can I get software/hardware for the Lisa?
Not really, especially if you have a Lisa 1. I don't know of any other
machine that can read the Twiggy diskettes (though prototype drives
were made for the Apple ///). However, if you have a Lisa
2, there are ways to share data with other machines.
DART is a Mac program that can read Lisa diskettes
(but not much beyond that).
Sun Remarketing sells the Lisa to Mac Migration Kit, but
I don't have the finances to buy and try it. It allegedly converts all
Lisa apps to their Mac counterparts.
As of yet I don't think there is anything to be done about this.
Fortunately, no Office System software to my knowlege stamps the date
right on the printout. Just live with it, I guess. Tell your
friends. Marvel at the faith Apple had in the Lisa.
After shoving my father's Panasonic laser printer on the prallel port just
to see if it would work, the Print dialog described the "ink jet printer"
as a "Canon Ink Jet Printer". Needless to say, it didn't work with the
Panasonic. Oh well...
No. Any low density 3.5" diskettes will do.
The ProFile cable is just a straigt parallel cable whcih can be found at
any self-respecting computer shop. You can figure this out by looking at
any picture of a ProFile and adopting a Steve Jobs mindset. Notice in the
picture that a ribbon cable is used. Do you think that the perfectionist
Jobs would allow any dirty-looking crossed wires? It has to be a straight
Service mode is a program in ROM that enables you to twiddle memory, test
components, and more.
Apple has directions for discerning your Lisa's serial number and Applenet
number in service mode, tucked away in their
Tech Info Library webserver/gopher.
This is handy in case you need to replace the CPU board
after somebody hard-soldered all the socketed chips in and you needed
the Applenet, Plant, and Serial numbers for your new board. (of course,
how you would get them on there is your problem. It's fun to do when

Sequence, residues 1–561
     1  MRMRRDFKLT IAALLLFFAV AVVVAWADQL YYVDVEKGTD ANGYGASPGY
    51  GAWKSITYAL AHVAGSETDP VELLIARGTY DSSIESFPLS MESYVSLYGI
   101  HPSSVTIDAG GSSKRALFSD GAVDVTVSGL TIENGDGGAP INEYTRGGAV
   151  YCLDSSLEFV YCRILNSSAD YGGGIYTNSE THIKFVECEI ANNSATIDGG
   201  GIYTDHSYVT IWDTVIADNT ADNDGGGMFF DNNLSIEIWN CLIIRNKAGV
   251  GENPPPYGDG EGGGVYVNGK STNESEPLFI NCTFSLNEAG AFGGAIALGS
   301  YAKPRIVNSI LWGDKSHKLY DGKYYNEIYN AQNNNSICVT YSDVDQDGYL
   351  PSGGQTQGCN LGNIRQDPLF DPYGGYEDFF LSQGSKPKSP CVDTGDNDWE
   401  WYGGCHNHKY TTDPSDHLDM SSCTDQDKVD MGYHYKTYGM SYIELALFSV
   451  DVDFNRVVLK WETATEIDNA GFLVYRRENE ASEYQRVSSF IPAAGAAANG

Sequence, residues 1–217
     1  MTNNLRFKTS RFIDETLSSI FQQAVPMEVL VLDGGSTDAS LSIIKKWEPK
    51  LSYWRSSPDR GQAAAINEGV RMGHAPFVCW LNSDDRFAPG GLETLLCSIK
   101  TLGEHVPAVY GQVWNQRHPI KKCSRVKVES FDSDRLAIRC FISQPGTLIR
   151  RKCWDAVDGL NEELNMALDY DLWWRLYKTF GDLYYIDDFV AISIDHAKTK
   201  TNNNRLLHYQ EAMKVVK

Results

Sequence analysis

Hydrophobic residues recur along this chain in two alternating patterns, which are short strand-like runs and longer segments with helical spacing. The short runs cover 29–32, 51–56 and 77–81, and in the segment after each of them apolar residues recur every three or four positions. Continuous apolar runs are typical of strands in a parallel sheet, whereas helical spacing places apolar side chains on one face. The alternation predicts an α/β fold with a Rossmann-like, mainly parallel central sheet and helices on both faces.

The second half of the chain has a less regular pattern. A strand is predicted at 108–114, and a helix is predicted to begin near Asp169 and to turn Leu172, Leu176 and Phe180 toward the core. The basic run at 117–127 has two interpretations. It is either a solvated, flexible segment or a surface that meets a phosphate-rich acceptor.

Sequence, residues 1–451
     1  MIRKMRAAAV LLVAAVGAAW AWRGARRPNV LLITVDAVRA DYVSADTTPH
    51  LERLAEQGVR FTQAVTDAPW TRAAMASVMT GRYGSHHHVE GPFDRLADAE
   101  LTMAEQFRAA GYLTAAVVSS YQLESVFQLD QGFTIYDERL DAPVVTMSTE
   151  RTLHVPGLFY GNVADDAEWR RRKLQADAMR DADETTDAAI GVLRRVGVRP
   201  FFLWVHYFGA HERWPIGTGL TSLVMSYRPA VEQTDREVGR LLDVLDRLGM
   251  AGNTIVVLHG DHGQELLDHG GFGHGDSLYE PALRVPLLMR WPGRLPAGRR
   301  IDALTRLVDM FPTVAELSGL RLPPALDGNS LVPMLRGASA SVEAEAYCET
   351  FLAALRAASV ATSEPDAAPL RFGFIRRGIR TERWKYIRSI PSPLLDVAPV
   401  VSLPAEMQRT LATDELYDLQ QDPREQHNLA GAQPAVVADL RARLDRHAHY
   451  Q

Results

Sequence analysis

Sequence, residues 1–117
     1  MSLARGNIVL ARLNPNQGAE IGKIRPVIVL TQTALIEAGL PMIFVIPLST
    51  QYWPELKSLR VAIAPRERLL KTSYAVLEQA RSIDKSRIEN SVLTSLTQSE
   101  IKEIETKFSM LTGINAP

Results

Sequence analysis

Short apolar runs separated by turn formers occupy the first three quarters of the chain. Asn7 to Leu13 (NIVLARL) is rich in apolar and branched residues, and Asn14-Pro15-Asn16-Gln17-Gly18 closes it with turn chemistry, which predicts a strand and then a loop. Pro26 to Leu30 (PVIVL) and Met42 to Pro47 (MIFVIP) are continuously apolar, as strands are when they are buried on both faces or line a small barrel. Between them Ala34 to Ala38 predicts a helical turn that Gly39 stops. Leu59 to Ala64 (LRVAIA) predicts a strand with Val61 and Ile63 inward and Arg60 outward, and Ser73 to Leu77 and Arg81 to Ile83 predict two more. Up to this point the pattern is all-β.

you're very bored. The URL for that document is:
Another use for Service mode involves the three menu items "Display Mem",
"Set Memory", and "Call Program". You can do something very Wozniakish and
enter your own program in hex, call it, then use it! It's like the front
panel in days of yore.
Warning: Before you enter Service Mode, please heed this warning from an
old Mac manual unearthed by Alan White (email@example.com):
"The power cycle and loop on tests presume a stock hardware
configuration. They should not be used with a modified lisa 2 or a
mac xl. Running the power cycle test with an 800k disk drive
upgrade will cause the disk drive test to fail. Running the power
cycle test on a lisa 2/5 with an internal hard drive upgrade could
wipe out the boot blocks on the hard disk. On startup, you'll get a
cross over the hard disk icon with error code 84. You'll still be able
to boot from a floppy, and the hard disk will mount, but in order to
boot from the hard drive again, you may have to remove it, and send
it out for a low level format..."
Thanks to Alan for this warning; the last thing we need is to be
destroying Lisae. I mention again that I take no resposibility for any
result of the advice given here. I know this is annoying, but there are
sharks out there. Anyway...
Turn on your Lisa. After you hear the first "click" noise, the indicator
that the Lisa has past the kernel test, press the Spacebar. When you reach
the "Startup From" menu, select a nonexistant volume. When it gives you
the error message box, press Apple-S. You should then be in Service Mode.
A picture for comparison can be found at
The Lisa Guide disk is not a boot disk. Just boot the system normally from
the startup disk with LisaGuide in a/the drive.
Try the Obsolete Computer Museum at
Indeed he does. If you have a Lisa 1, dead or alive, that you want to get
rid of, let me know! I'll at least pay price of postage. Similarly,
scanned images, screen shots, folklore, and other goodies wanted for
possible inclusion in this page! Remember, any Lisa knicknacks you don't
want, mail me!
However, if you have a Lisa 1 and you're in Europe,
consider shipping it to Richard T. Kilpatrick (hope I got that right) of
a cool Lisa and all-around Apple site.
If it's not busy (and it usually is) try Apple's gopher site:
Please email it to me at
end of SAQ
Copyright ©1996; Tom
Stepleton. All rights reserved.